Do You Know Your Medicare Rights?

If you have Medicare insurance, you are automatically guaranteed a number of specific rights, no matter what plan you have enrolled in. The set of rights pertain both to recipients of the original Medicare Plan (regardless of whether or not they have a Medigap policy) and to recipients of Medicare Advantage Plans.

You have the right to be treated with dignity at all times, whatever the circumstances. You also have the right to be protected from discrimination. Legally, no company should be treating you differently than other recipients due to your race, national origin, religion, disability, age, and gender (unless for certain medical reasons). Additionally, you can expect to receive culturally competent service, in terms of language and cultural sensitivity. If you are concerned that your rights are being violated, or if you need information on health care services in other languages, you can call your state’s Office for Civil Rights (1-800-368-1019).

You also have the right to obtain information about Medicare to help you make sound health care choices. Relating to coverage, costs, and complaint procedures, this information can help you understand your options. If you have questions about the Medicare program, you have the right to receive a response. For answers, you can contact your State Health Insurance Assistance Program, or call 1-800-MEDICARE. If you’re using a Medicare Advantage Plan, you can get in touch with your plan.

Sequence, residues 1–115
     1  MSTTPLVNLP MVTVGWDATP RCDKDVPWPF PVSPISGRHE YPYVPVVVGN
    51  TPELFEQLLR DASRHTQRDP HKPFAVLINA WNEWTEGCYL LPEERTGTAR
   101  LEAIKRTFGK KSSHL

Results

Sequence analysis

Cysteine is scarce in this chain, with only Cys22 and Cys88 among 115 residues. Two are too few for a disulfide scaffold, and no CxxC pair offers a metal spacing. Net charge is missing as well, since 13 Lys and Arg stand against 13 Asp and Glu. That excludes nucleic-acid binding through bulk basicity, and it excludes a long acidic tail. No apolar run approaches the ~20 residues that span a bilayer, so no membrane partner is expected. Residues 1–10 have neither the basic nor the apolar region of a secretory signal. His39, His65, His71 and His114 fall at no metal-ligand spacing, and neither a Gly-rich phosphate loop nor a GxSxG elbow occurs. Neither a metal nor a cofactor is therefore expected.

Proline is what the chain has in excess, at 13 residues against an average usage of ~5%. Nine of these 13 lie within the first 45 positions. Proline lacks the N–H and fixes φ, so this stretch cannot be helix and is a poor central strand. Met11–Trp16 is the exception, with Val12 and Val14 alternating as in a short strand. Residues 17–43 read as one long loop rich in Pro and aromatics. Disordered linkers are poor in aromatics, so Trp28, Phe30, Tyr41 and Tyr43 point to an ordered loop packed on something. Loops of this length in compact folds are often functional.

You have the right to learn about your treatment options in a way you can understand. Plans cannot have any rules which will hinder your doctor in disclosing treatment information. If you don’t understand something, or need more information, ask. You should be given clear information.

Another expectation you can hold when signing onto a Medicare plan is that you will be able to get emergency care when necessary. Different plans may have different procedures, and some may involve copayments, but all plans should provide some coverage for your emergency medical situation. If it doesn’t, you can appeal the decision. You have the right to know your appeal rights, appeal benefit decisions, and file a complaint about payments, services, quality of care, or other problems.

Finally, you have the right to your privacy. Medicare must keep your health information private, and any time they ask health questions of you, they must stipulate why they need it, whether or not it is optional, what will result if you don’t give the information, and how the information will be used. Your health care provider or Medicare Health Plan must follow federal law protecting your privacy rights. Your state may have other privacy laws as well, which can protect your personal information. You have the right to know what your privacy rights are. Your plan should describe them in writing, and you have the right to find out more by asking questions about them, exercising them, and filing a complaint if you feel these rights are being violated.

Medicare Advantage Plans and Original Medicare may also promise other rights, in addition to these ones, to further protect you.

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